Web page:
Analysis of the honey enzymes diastase and invertase is one important parameter in honey quality control. Limits for enzyme activity are given by food legislation or directives of national brands, because enzyme activity is one of the measures of adequate conversion of nectar to honey during the ripening process. In addition, certain activity levels of invertase or diastase activity can also act as indicators for heat damage of honey samples. Depending on the botanical origin, enormous differences in enzyme activity can be observed, even though the enzymes are mostly added by the bees. We therefore collected nectar and honey samples during the ripening process of honey and investigated enzyme activity depending on the floral source. Based on the analysis of nectar samples, we could demonstrate that floral source and environmental conditions affect the total sugars and sucrose concentration. We therefore hypothesized that the composition of the nectar, especially the amount of sucrose, may interact with the activity of invertase. We found that correlation between sucrose concentration and invertase activity is highly significant during the ripening process of honey (p < 0.0001) confirming an interaction between these two parameters. This effect was further substantiated by a sugar feeding experiment with defined sucrose concentrations. Possibly a high turn-over at high sucrose concentrations may lead to enzyme exhaustion for invertase.


McMenamin A.J.,Pennsylvania State University | Genersch E.,Institute for Bee Research
Current Opinion in Insect Science | Year: 2015

Recent large-scale colony losses among managed Western honey bees (Apis mellifera) have alarmed researchers and apiculturists alike. Here, the existing correlative evidence provided by monitoring studies is reviewed which (i) identified members of the deformed wing virus and acute bee paralysis virus clades as lethal pathogens for entire colonies, and (ii) identified novel viruses whose impact on honey bee health remains elusive. Also discussed in this review is related evidence obtained via controlled experimental infection assays and RNAi approaches underscoring the damage inflicted by some of these viruses on individuals and colonies. The relevance of the ectoparasitic mite Varroa destructor acting as mechanical and biological virus vector for the enhanced virulence of certain viruses or mite selected virus strains is carefully considered. © 2015 Elsevier Inc.


Funfhaus A.,Institute for Bee Research | Poppinga L.,Institute for Bee Research | Genersch E.,Institute for Bee Research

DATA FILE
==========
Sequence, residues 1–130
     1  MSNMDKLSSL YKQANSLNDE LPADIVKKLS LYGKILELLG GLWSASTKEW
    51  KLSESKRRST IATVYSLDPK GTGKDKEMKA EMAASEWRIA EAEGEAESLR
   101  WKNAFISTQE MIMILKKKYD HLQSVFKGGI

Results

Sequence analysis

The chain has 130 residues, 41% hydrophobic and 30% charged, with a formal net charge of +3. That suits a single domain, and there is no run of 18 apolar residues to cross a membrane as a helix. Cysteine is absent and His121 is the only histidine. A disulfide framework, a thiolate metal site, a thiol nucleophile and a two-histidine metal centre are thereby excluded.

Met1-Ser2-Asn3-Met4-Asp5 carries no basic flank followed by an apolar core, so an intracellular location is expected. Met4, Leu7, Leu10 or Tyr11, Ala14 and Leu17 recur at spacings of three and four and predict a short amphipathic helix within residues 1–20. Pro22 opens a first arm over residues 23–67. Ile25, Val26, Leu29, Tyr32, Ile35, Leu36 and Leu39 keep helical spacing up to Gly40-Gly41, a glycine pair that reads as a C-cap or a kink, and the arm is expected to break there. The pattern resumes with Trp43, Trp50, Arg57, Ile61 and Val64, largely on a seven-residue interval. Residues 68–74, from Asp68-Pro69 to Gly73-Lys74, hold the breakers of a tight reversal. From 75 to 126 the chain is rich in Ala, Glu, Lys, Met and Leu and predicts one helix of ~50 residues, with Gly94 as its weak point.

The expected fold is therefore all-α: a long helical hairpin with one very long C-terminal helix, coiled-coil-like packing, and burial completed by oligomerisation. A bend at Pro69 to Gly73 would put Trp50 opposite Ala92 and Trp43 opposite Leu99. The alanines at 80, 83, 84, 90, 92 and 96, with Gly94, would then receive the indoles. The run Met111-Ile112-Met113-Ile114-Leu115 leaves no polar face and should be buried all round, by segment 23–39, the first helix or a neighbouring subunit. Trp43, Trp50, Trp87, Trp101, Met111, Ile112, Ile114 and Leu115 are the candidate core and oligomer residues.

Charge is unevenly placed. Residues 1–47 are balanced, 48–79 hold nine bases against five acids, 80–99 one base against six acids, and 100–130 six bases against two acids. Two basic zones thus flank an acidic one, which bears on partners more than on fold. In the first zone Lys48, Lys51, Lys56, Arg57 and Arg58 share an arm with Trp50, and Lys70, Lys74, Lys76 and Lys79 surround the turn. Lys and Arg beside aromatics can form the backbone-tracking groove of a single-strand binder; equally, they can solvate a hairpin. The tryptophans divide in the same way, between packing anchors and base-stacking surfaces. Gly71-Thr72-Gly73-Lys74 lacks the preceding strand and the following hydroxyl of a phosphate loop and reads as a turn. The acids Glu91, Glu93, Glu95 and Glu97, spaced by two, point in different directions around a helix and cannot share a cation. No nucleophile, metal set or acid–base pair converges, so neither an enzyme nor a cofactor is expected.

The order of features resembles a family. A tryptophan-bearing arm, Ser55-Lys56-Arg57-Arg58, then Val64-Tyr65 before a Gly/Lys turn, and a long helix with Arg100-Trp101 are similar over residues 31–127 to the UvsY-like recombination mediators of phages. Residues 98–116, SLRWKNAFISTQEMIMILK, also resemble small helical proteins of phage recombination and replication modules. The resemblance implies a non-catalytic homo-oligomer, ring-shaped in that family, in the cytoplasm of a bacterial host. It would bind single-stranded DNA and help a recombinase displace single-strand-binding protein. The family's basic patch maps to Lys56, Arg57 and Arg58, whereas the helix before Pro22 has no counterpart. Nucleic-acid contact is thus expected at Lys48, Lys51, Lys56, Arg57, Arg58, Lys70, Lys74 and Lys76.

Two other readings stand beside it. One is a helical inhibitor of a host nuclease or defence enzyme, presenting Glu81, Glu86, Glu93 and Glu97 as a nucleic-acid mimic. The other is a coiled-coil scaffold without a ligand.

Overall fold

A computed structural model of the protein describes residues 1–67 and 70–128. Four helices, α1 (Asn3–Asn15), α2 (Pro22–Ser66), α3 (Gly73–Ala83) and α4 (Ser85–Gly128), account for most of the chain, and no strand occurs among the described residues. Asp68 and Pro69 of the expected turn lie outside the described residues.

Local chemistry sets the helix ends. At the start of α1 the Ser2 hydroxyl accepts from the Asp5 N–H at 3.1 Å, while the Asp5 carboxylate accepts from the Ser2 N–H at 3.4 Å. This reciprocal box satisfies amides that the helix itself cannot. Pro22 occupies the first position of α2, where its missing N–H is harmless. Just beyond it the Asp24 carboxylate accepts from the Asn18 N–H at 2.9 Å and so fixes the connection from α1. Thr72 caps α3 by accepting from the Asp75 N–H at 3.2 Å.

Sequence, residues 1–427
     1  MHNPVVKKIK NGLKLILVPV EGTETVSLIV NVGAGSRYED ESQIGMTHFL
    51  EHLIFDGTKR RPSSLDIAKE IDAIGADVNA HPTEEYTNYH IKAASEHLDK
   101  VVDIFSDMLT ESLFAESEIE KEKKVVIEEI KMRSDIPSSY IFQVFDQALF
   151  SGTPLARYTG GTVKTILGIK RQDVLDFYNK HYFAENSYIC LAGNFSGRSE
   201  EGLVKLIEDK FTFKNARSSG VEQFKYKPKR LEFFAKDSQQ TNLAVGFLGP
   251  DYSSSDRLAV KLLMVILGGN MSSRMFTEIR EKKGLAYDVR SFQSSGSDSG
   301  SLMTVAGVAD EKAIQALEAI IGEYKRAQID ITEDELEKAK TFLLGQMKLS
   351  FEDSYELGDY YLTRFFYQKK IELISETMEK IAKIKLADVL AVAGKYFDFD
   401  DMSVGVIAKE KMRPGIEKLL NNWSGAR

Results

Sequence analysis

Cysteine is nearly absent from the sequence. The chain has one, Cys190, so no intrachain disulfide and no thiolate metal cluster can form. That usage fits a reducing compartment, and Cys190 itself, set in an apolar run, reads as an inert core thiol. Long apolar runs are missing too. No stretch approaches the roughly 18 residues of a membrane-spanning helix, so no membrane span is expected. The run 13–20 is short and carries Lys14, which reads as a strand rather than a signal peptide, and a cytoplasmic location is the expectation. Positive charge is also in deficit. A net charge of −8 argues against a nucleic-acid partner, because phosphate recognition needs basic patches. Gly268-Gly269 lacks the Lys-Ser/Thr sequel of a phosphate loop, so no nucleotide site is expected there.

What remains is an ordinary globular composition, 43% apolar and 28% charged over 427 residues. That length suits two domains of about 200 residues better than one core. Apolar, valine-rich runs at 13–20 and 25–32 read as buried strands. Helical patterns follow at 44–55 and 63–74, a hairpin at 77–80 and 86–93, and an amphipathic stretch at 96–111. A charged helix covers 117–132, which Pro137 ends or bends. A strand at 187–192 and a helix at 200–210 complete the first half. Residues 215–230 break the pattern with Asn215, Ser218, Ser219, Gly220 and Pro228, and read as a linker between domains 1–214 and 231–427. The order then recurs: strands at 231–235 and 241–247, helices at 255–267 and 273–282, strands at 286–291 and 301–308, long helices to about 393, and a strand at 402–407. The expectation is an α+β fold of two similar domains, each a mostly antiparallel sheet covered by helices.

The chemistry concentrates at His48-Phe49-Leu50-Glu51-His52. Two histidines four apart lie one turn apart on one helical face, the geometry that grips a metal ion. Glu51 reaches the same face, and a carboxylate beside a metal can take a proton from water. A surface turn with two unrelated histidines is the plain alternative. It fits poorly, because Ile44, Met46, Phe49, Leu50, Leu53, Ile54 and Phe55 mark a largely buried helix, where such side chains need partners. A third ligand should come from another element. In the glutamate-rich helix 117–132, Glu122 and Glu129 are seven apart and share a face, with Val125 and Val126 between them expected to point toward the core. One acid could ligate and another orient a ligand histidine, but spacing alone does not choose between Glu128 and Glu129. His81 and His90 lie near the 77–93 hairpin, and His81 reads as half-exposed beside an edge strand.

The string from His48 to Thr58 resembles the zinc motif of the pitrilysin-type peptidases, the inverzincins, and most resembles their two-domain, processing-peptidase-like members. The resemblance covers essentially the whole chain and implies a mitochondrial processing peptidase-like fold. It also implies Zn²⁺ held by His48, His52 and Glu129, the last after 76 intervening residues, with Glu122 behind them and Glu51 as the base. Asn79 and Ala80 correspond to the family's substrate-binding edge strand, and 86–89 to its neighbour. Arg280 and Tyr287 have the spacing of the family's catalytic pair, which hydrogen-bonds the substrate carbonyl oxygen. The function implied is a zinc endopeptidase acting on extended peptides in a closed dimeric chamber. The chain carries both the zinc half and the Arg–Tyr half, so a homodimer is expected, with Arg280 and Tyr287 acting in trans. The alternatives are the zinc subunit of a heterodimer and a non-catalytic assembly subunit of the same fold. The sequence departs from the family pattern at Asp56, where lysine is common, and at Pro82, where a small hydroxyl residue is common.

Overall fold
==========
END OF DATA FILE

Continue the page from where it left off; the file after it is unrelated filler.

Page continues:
Environmental Microbiology | Year: 2013

Summary: Paenibacillus larvae is a Gram-positive bacterial pathogen causing the epizootic American foulbrood in honey bee larvae. Four so-called enterobacterial repetitive intergenic consensus (ERIC) genotypes of P.larvae exist with P.larvae genotypes ERIC I and ERIC II being responsible for disease outbreaks all over the world. Very few molecular data on the pathogen, on pathogenesis or on virulence factors exist. We now identified two genomic loci in P.larvaeERIC I coding for two binary AB toxins, Plx1 and Plx2. In silico analyses revealed that Plx1 is the third member of an enigmatic family of AB toxins so far only comprising MTX1 of Lysinibacillus sphaericus and pierisin-like toxins expressed by several butterflies. Plx2 is also remarkable because the A-domain is highly similar to C3 exoenzymes, which normally are single domain proteins, while the B-domain is homologous to B-domains of C2-toxins. We constructed P.larvae mutants lacking expression of Plx1, Plx2 or both toxins and demonstrated that these toxins are important virulence factors for P.larvaeERIC I. © 2013 Society for Applied Microbiology and John Wiley & Sons Ltd.


Poppinga L.,Institute for Bee Research | Genersch E.,Institute for Bee Research
Current Opinion in Insect Science | Year: 2015

American Foulbrood caused by Paenibacillus larvae is one of the unsolved health problems honey bee colonies are suffering from. In the recent past, considerable progress has been achieved in understanding molecular details of P. larvae infections of honey bee larvae. This was facilitated by the development of molecular tools for manipulating P. larvae and by the availability of complete genome sequences of different P. larvae genotypes. We here report on several peptides and proteins that have recently been identified, biochemically analyzed, and proposed to act as virulence factors of P. larvae. For some of them, experimental proof for their role as virulence factor has been provided allowing presenting a preliminary model for the molecular pathogenesis of American Foulbrood. © 2015 Elsevier Inc. All rights reserved.


Funfhaus A.,Institute for Bee Research | Genersch E.,Institute for Bee Research
Environmental Microbiology Reports | Year: 2012

Honey bee pathology has attracted much interest recently due to the problems with honey bee declines in many regions of the world. American Foulbrood (AFB) caused by Paenibacillus larvae is the most devastating bacterial brood disease of the Western honey bee (Apis mellifera) causing considerable economic losses to beekeepers worldwide. AFB outbreaks are mainly caused by two differentially virulent genotypes of P.larvae, P.larvae ERIC I and ERIC II. To better understand AFB pathogenesis and to complement already existing data from the genetic level we aimed at obtaining expression data from the protein level. We successfully developed a protocol for two-dimensional proteome analysis of P.larvae with subsequent mass-spectrometry based protein sequencing. Based on the obtained master protein maps of P.larvae genotypes ERIC I and II we identified the dominantly expressed cytosolic proteins of both genotypes, some of them presumably linked to pathogenesis and virulence. Comparing the master maps of both genotypes revealed differentially expressed proteins, i.e. a putative S-layer protein which is expressed by P.larvae ERIC II but absent from the proteome of P.larvae ERIC I. The implications of our findings for pathogenesis of AFB and virulence of P.larvae will be discussed. © 2012 Society for Applied Microbiology and Blackwell Publishing Ltd.